3. Count of the unique visitors with promotions.
    • This information is in a different concept named promotion, in a field named visitorid which represents a visit with promotion. Our source concept social has a relationship to the concept promotion named has_promotion. Therefore, when we view the social concept, any property of the promotion concept will be exposed in the metadata just as another column.

So, we are using a data source from the dtimbr schema, and the available fields that Data Studio shows us include fields that are defined as relationships from and to the social concept.

We now have all the fields readily available to us, so all that’s left is to select the correct data fields and answer the tasks for our report.

We can also visualize it as a line chart with the same metrics and dimensions.

To answer the second requirement, Hourly timings of total visits with or without promotions from campaigns, we need the following information which is very similar to our previous chart:

  1. Count of the visit hits per hour.
    • We can extract the information from the field named info_of_hits_for_hour. This field represents the property hour in the hits concept, which is available through the relationship named info_of (between the social concept and the hits concept)
  2. Count of the unique visitors.
    • We can extract the information from the field named visitid
  3. Count of the unique visitors with promotions.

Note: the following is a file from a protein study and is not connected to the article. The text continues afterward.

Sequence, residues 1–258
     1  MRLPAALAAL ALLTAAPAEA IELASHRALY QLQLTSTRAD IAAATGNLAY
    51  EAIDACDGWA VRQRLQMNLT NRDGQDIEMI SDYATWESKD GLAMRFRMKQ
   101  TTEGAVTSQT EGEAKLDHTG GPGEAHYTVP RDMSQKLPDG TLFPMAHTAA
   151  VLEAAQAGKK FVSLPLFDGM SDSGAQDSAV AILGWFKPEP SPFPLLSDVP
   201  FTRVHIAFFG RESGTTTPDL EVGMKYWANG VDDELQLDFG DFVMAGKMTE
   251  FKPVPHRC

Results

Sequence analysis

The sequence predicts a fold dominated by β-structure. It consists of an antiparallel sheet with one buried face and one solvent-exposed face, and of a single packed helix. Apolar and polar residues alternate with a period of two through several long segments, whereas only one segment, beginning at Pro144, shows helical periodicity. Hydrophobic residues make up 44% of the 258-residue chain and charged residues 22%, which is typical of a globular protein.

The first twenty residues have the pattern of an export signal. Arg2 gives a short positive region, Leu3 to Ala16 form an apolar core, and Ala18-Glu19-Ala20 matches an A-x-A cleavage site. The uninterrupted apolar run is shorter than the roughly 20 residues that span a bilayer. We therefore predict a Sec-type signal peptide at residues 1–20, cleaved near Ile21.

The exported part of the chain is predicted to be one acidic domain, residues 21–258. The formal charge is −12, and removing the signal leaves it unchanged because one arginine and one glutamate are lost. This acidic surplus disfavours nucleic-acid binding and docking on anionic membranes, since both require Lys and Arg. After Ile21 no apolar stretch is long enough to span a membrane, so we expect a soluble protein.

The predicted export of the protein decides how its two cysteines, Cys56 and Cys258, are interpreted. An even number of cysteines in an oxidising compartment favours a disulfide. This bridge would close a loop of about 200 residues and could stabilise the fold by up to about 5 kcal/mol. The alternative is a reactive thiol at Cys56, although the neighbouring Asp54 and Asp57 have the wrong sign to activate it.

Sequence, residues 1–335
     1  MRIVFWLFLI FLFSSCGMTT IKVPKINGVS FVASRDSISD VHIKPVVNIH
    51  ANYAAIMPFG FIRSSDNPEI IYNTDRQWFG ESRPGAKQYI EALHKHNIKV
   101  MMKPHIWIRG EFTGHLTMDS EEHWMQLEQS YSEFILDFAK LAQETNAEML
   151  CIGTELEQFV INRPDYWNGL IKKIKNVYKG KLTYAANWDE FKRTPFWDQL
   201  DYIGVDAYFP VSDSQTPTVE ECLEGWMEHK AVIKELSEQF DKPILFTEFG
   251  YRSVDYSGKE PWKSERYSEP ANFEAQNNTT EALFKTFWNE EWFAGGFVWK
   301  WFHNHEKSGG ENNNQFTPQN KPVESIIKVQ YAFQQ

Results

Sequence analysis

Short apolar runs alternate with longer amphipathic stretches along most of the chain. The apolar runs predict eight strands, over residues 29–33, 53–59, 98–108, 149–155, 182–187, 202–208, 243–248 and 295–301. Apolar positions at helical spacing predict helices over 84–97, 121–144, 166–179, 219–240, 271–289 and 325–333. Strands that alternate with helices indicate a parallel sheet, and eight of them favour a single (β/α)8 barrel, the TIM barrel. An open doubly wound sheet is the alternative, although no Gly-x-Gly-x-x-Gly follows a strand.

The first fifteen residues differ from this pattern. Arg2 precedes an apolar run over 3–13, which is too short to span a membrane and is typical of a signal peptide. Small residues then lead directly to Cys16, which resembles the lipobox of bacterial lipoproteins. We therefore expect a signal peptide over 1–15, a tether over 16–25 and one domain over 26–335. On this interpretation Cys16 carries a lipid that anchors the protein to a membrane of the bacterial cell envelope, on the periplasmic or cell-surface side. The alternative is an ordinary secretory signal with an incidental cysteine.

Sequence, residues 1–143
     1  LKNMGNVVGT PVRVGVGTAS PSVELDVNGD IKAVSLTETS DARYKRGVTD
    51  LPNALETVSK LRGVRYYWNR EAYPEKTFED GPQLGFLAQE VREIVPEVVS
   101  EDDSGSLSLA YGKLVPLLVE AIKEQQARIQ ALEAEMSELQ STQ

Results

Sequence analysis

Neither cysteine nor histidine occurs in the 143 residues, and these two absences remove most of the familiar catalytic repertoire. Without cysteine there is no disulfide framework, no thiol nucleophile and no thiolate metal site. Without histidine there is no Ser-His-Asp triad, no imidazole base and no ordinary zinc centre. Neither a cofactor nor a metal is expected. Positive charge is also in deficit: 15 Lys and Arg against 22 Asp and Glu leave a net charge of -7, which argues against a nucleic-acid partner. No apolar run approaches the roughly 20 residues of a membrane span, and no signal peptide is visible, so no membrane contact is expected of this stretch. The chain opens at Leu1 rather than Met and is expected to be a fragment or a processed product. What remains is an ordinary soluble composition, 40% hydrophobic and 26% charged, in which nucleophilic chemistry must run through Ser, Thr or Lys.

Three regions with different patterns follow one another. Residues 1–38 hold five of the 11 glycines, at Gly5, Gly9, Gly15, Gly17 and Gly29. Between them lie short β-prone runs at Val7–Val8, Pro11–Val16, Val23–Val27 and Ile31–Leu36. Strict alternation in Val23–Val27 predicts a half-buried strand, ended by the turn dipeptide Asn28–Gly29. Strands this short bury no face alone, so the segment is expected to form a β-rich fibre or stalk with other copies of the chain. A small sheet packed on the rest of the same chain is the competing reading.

• We can extract the information from the field has_promotion_visitid (which is a property in the promotion concept)

Exploring the data looks like this in Data Studio:

We can now move on to the third requirement, Campaigns (content and method) by unique visits with promotions, for which we need the following:

  • The name of the social source campaign from the field named social_source_campaign. This field represents the property campaign in the source_traffic concept, which is available through the relationship named social_source (between the social concept and the source_traffic concept)
  • The ad content of the social source campaign from the field named social_source_adcontent. This field represents the property adcontent in the source_traffic concept, which is available through the relationship named social_source
  • The medium type of the social source campaign from the field named social_source_medium. This field represents the property medium in the source_traffic concept, which is available through the relationship named social_source
  • Count of the unique visitors with promotions, which can be extracted from the field has_promotion_visitid (which is a property in the promotion concept).

We have completed the charts required for our report.

Producing the end-result was very easy since all the data was readily available to select with each chart. The end-result looks like this:

Conclusion

timbr helps Data Studio users to create and deliver complex reports much faster and in a simpler manner. With timbr, data consumers can easily understand, explore, and query the data by means of concepts, instead of dealing with many tables and columns.

Contact us to test drive Data Studio with timbr on your dataset or on your own GA360 BigQuery export. Set up in just a few minutes so you can start unleashing the power of your data today.

How do you make your data smart?
timbr virtually transforms existing databases into semantic SQL knowledge graphs with inference and graph capabilities, so data consumers can deliver fast answers and unique insights with minimum effort.